As the novel opens, Adele August is driving across country, headed for Hollywood in a white Lincoln Continental that she can hardly afford, with her second husband’s credit card and Ann, her almost-twelve-year-old daughter, in tow, so that Ann can become a child star while she is still a child. Adele’s flight, from her small-town, Midwestern roots to the glamour and success she is sure they will find in California, is at the center of the book and explains its title. Anywhere but Here is about Adele’s restless dissatisfaction with things as they are, about a certain kind of dreamer’s perpetual desire to be “anywhere but here”—but perhaps even more important, it is about the often-devastating effect this kind of character can have on those who are close to her, particularly, in this case, on Adele’s daughter Ann. The portrayal of this difficult mother-daughter relationship is what most makes this novel (Mona Simpson’s first) worth reading.
Four female narrators, representing three generations of the August family, tell the story, in sections of varying length, primarily through flashbacks and reminiscence. Ann, the closest to Adele, narrates most of the work. It is appropriate that the reader see Adele through the hard and clear eyes of her child; if Adele is the type who wishes to be anywhere but here, Ann, stranded in the wake of her mother’s dreams, can recount what being “here” is really like.
“We fought,” Ann’s narrative begins. “The fights came when I thought she broke a promise. She said there’d be an Indian reservation. She said that we’d see buffalo in Texas. My mother said a lot of things. . . . Places she said would be there, weren’t.” Like most children, Ann cannot stand a broken promise, but she grows up on plenty of them. Adele is the kind of dreamer who in the very dreaming finds her nourishment; it does not matter that the promise goes unfulfilled. Sometimes the dream is a manipulation, as when Adele, longing to create a better bond between Ann and her new husband, Ted, suggests that Ted has the connections to get Ann on a local station (which, as it turns out, he does not). Other times it is simply the sheer will to resist an unpleasant reality, as when, in a Beverly Hills restaurant, Adele turns brightly to her daughter and says she is sure that they are both going to make it big, though they are nearly broke and friendless. The dream is also a cover-up for motives she is less willing to admit. Adele routinely invokes the myth of her self-sacrificing efforts to keep them in Beverly Hills so that Ann can stay in the best school system and make the right sort of connections to become a star eventually; yet it becomes clear that Adele’s real dream is that by living in Beverly Hills she will find herself a rich husband. When Ann finally does get an audition, she has to find a way to get there by herself, because her mother would rather go to a meeting with the psychiatrist she imagines is in love with her.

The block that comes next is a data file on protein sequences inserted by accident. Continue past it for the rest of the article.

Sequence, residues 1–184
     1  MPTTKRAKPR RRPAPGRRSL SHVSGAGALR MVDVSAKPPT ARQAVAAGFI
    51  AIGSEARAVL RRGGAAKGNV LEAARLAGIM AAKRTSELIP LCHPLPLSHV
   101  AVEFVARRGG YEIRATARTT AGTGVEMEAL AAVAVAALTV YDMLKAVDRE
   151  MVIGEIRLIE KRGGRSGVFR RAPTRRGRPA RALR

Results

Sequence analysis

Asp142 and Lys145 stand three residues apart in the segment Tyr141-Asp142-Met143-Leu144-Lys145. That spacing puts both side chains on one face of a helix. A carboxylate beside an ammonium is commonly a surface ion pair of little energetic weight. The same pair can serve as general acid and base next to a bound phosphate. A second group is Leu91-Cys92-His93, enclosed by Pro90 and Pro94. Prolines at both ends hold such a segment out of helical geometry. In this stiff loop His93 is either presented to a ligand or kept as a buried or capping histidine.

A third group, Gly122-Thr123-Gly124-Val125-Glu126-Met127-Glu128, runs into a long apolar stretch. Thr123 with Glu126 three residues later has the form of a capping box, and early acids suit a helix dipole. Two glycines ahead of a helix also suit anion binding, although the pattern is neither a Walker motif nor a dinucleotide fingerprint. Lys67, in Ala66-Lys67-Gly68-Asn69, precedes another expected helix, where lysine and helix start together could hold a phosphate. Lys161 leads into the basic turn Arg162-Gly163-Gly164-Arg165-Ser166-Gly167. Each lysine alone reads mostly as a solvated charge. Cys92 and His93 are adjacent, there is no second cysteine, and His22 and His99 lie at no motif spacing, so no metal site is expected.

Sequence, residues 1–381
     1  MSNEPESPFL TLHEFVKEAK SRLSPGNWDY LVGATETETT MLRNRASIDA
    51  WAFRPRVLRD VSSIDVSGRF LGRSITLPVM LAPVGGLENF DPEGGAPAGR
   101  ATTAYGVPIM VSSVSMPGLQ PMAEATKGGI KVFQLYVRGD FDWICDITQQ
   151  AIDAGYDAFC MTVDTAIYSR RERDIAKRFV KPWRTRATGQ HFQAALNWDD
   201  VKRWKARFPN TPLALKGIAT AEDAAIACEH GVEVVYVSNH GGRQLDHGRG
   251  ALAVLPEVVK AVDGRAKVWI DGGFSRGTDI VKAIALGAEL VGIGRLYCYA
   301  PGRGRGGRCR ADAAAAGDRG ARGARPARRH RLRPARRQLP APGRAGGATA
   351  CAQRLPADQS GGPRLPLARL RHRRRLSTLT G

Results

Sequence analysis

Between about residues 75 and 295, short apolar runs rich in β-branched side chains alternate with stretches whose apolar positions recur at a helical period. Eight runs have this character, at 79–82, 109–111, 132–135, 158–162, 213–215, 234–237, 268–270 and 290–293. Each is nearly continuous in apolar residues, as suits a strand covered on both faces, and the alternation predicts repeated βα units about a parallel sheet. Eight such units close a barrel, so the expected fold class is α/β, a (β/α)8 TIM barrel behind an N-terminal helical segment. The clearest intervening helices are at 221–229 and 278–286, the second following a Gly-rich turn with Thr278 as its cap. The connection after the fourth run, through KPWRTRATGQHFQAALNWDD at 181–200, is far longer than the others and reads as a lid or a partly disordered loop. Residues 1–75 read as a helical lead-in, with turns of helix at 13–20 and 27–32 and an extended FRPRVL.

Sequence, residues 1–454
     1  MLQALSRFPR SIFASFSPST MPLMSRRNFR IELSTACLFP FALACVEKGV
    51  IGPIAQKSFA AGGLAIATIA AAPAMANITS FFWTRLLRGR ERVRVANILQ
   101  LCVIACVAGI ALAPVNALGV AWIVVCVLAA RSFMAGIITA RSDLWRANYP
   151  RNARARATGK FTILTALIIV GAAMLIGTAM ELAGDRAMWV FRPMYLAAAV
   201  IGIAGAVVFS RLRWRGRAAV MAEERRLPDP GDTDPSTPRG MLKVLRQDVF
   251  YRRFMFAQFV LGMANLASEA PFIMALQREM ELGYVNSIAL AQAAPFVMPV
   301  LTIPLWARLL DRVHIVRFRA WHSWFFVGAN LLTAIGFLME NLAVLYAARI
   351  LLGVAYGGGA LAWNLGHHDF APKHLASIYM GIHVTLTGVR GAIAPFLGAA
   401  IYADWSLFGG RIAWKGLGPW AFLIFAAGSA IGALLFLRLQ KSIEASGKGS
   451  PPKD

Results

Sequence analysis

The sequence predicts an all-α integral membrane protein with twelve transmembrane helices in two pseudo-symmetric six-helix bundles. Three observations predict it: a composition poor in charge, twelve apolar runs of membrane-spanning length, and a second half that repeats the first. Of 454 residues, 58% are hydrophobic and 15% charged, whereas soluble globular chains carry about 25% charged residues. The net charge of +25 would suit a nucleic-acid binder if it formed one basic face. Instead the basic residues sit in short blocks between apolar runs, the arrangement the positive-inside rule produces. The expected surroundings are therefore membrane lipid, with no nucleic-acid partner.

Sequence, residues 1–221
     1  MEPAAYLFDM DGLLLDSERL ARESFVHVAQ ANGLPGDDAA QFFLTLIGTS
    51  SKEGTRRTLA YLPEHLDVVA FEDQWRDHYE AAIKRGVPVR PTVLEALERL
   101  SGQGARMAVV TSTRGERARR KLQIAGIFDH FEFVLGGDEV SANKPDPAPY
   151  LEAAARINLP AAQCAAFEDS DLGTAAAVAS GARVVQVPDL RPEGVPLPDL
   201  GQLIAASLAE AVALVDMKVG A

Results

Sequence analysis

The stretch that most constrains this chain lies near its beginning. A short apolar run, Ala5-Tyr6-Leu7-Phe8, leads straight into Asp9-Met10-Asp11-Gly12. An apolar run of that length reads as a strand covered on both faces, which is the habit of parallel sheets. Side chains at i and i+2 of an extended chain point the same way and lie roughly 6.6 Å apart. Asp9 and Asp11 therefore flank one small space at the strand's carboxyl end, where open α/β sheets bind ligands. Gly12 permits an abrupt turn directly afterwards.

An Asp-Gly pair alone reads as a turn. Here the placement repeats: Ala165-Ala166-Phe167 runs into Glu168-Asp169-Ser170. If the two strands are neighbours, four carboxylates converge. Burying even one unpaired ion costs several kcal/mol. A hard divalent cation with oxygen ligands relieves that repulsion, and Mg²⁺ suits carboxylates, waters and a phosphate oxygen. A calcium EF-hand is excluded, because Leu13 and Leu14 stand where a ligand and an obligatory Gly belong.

Adele is never without a new hope to carry her forward. Ann comments wryly that her mother is forty-four years old and every night still makes a wish upon a star. Despite a self-protective cynicism, Ann finds herself continually drawn in: She wants to believe her mother because the dreams are so appealing, tapping into her own innermost desires.
This cycle of baiting and disillusionment inevitably leads to another: a fight, then a routine abandonment and reconciliation. Rather than take responsibility for her failed promises, Adele turns her daughter’s disappointment into a betrayal that demands punishment. Adele pulls the car over to the side of the road, tells Ann to get out, then drives away, disappearing over the horizon; after enough time has passed so that Ann thinks that she really has been left for good, Adele returns, opens the door, and in a cheery voice suggests that they go for ice cream. One Christmas season Adele leaves their Beverly Hills apartment and calls Ann to say that she is driving her car over a cliff because Ann does not really love her and will be happier with the insurance money anyway; after several frantic hours and calls to hospitals and the police, Ann sees her radiant mom drive up with a huge Christmas tree in the trunk. It is a ritual that for Adele wipes...
(The entire section is 1755 words.)